How smart is the Python interpreter?

Gary Herron gherron at islandtraining.com
Thu Jul 31 18:16:16 CEST 2008


ssecorp wrote:
> def str_sort(string):
> 	s = ""
> 	for a in sorted(string):
> 		s+=a
> 	return s
>
>
> if i instead do:
>
> def str_sort(string):
> 	s = ""
>         so = sorted(string)
> 	for a in so:
> 		s+=a
> 	return s
>
>
> will that be faster or the interpreter can figure out that it only has
> to do sorted(string) once? or that kind of cleverness is usually
> reserved for compilers and not interpreters?
> --
> http://mail.python.org/mailman/listinfo/python-list
>   

The 'for' statement is only executed once of course.  It's the body of 
the 'for' which is executed multiple times.  So in both pieces of code,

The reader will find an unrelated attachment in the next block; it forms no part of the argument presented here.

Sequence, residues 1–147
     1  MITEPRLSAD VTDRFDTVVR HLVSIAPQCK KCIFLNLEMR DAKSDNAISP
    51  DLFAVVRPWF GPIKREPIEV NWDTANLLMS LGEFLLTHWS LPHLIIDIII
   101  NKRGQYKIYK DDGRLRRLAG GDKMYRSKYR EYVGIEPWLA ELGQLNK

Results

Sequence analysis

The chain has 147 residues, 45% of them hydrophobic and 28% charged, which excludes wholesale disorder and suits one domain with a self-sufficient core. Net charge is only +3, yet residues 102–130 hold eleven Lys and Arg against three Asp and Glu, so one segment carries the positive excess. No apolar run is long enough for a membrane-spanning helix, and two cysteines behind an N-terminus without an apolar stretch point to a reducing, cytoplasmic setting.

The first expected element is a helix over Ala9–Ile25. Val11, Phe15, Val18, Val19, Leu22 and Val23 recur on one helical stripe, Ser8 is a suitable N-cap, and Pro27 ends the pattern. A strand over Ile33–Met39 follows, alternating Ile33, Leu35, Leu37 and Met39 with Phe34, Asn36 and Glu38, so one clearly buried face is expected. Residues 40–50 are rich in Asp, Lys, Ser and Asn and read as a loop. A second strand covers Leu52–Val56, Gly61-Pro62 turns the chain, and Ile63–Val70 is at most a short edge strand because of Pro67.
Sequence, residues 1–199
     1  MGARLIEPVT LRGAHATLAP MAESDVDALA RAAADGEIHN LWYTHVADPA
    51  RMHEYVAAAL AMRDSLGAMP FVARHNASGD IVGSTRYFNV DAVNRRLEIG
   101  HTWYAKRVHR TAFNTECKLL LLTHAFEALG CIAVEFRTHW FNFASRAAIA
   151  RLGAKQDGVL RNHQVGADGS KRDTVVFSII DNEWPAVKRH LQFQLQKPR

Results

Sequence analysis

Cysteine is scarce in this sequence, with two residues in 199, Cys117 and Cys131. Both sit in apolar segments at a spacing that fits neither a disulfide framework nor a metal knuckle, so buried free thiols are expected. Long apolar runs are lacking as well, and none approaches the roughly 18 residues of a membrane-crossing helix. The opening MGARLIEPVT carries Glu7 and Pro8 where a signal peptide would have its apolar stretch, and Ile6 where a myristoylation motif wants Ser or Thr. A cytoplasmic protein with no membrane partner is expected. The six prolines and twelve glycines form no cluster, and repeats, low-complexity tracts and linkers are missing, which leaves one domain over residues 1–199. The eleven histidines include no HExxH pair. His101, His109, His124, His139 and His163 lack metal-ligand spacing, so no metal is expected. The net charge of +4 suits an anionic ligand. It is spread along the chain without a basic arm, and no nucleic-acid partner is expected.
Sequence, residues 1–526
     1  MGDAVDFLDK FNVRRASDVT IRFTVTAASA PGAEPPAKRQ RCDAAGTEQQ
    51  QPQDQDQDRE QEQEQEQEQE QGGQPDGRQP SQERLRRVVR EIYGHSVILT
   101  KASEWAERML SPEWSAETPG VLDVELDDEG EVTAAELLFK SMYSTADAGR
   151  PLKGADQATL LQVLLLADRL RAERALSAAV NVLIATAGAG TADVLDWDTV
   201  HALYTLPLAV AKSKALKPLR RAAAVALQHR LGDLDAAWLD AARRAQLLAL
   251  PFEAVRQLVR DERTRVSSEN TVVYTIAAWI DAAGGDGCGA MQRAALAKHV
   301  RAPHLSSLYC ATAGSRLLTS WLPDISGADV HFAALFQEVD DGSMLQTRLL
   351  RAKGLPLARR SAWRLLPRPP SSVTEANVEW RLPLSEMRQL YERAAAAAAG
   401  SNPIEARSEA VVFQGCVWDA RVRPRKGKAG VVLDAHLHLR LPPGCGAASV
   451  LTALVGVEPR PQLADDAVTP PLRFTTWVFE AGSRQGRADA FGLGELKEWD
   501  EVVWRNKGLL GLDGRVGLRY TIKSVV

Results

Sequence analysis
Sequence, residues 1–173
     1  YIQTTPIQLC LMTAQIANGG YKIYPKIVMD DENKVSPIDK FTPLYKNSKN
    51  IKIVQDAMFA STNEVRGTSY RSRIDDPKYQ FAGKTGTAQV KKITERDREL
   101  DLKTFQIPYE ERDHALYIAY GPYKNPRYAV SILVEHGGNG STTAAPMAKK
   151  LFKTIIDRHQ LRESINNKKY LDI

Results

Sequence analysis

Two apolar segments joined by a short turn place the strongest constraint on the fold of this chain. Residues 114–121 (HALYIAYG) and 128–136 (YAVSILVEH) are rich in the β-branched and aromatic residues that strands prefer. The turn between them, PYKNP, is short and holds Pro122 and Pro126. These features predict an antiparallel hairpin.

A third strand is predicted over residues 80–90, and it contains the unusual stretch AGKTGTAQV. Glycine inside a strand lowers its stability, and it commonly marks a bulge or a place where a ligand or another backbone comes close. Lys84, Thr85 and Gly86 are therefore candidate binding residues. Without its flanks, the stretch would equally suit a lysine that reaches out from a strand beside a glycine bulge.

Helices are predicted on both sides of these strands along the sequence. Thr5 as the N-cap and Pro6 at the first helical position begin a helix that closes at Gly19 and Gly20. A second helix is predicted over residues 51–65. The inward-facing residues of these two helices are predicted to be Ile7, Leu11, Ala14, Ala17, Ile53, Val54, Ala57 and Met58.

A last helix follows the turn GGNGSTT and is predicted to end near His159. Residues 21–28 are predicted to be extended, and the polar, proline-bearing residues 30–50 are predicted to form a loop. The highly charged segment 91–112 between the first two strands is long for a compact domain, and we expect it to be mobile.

the 'sorted' is only executed once, and the returned string is bound to 
a name in the second but not the first.

However, you are worrying about optimizing the wrong things here.  The 
's+=a' line has terrible (quadratic) performance.  Instead use the 
string method 'join' which has linear performance.

def str_sort(string):
  return "".join(sorted(string))

No for loop, no inefficient accumulation.

Gary Herron





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